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Polling

Polling

Deliveroo - Recycling Poll

December 18th 2018

Hanbury polled a nationally representative sample of 2,001 respondents between 23rd and 27th November 2018 on their understanding of recycling.

Full tables can be found here.

Key findings

  • A strong majority of respondents think they are well-informed about recycling (73% vs. 10% who feel uninformed).
  • However, a majority of respondents (58%) did not know that greasy pizza boxes cannot be recycled. These figures are even worse for 18-24 year olds, 66% of whom don’t realise that boxes stained with oil or remnants of pizza can’t be put into the recycling bin
  • Nearly half of those polled (49%) take the time to consider whether an item they are buying and its packaging can be recycled, whilst 71% say they recycle ‘all the time’ (24% sometimes recycle, 3% rarely recycle and 2% never recycle).

Politico - Brexit Deal

November 15th 2018

Hanbury carried out a nationally representative snap poll of 505 respondents between 8-10pm on 14 November 2018 for Politico on the Government’s proposed Brexit deal.

Full tables can be found here.

Key findings

  • The Government appears to have a major job to do to persuade the country of the merits of its Brexit deal: When asked whether Parliament should approve it, more people said No (45%) than Yes (28%).
  • Only 29% of people think that MPs should back the deal so we can ‘get on with Brexit’. Whereas 60% believe that MPs should ‘vote down the deal’. The good news for the Government is that the opposition is divided on what to do next, with some favouring a no deal Brexit (27%) and others saying there should be a second referendum (33%).
  • Similarly there does not appear to be a huge appetite for a leadership challenge to the Prime Minister. 45% say there should not be a challenge, compared to 40% who think that there should be. The Prime Minister polls better than any of her obvious rivals in the Conservative Party.

KPMG - Consumer attitudes towards Brexit

November 14th 2018

Hanbury polled a nationally representative sample of 4,015 respondents between the 31st October and 5th November, on consumer attitudes towards Brexit and No Deal Brexit for KPMG.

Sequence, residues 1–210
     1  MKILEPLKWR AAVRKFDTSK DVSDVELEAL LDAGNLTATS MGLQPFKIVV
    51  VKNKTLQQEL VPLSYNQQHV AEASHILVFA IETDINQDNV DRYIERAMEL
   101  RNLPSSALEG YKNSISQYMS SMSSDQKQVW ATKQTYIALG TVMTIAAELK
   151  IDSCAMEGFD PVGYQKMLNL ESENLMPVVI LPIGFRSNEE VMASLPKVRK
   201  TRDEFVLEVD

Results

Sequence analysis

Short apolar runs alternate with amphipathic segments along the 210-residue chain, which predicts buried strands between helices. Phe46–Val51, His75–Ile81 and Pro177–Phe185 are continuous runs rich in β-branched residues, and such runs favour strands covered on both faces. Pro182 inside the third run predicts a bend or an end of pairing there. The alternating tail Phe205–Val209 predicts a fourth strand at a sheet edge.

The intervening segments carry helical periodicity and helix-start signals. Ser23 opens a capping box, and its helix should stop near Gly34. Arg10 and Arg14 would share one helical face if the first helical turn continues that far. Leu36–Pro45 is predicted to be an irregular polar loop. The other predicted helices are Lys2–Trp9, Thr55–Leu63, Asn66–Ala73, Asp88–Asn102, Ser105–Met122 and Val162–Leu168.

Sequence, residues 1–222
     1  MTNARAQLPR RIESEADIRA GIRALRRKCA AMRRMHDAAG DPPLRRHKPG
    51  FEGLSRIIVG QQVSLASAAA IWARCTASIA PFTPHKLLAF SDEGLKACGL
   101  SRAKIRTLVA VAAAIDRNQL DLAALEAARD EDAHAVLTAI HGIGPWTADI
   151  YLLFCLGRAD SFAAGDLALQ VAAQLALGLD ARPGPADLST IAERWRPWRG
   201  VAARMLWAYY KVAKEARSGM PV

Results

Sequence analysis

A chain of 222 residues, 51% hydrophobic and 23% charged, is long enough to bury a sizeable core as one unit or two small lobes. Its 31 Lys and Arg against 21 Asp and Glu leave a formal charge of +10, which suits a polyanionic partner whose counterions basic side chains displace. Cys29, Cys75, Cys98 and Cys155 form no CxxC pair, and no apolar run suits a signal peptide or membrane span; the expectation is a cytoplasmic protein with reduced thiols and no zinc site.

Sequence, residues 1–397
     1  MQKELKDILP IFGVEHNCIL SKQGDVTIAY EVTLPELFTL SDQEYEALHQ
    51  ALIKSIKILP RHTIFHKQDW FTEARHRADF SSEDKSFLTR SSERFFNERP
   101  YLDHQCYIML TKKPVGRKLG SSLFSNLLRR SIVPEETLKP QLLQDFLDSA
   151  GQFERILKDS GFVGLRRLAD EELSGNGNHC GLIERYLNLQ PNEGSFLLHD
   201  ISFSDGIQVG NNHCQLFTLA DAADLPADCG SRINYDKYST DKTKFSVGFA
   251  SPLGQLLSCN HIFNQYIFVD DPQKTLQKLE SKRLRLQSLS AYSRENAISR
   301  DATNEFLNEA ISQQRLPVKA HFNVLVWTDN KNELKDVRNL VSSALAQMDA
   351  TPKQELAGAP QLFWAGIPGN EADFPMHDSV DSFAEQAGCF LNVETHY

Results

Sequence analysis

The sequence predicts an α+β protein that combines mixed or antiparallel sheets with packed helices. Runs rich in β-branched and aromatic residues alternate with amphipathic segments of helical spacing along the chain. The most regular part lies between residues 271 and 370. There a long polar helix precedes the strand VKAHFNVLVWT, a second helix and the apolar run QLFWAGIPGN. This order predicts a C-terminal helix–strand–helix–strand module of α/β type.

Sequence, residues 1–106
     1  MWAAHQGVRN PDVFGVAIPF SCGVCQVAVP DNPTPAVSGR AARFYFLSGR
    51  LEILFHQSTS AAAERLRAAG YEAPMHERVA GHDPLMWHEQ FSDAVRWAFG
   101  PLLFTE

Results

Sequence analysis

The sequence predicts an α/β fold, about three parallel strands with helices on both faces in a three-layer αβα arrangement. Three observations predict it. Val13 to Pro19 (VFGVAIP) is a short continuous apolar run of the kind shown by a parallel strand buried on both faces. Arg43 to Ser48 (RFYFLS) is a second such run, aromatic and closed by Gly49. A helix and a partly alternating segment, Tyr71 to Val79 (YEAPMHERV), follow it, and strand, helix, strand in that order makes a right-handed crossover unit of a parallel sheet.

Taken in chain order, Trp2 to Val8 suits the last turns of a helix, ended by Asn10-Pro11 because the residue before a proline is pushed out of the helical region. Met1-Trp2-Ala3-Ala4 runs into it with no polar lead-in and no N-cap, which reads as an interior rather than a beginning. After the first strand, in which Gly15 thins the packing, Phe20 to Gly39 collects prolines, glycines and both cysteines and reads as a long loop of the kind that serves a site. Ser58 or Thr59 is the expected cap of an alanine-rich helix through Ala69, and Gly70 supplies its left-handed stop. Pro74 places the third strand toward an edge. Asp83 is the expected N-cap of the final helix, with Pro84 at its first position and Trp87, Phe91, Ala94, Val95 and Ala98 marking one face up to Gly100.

Full tables can be found here.

Key findings

  • A majority of the British public believe a No Deal Brexit is likely: 53% believe that a No Deal Brexit is likely or very likely as opposed to 21% who believe it is unlikely or very unlikely.
  • Uncertainty over Brexit is having an impact on consumer behaviour: 31% have already reduced spending on everyday items compared to 69% who haven’t. 41% of respondents believe it is likely or very likely that they will reduce spending on everyday items in the future in the face of No Deal Brexit as opposed to 30%.
  • The public are less confident about the impact of Brexit on the economy in the short term and more confident in the long term. When asked about Brexit’s impact on the economy in the first few weeks after exit 22% believe it will be positive and 46% negative. In the year after the UK leaves 33% think Brexit will be positive for the economy and 41% negative. And in 5-10 years after the UK leaves the EU 47% think it will be positive for the economy and 28% negative.

Politico - Brexit (II)

November 8th 2018

Hanbury polled a nationally representative sample of 3,006 respondents between the 29th October and 2nd November, on public attitudes towards Brexit for Politico.

Full tables can be found here.

Key findings

  • In general, the UK population are optimistic about the long-term economic benefits of Brexit. 48% of respondents said that Brexit will have a positive impact on the economy in the next decade.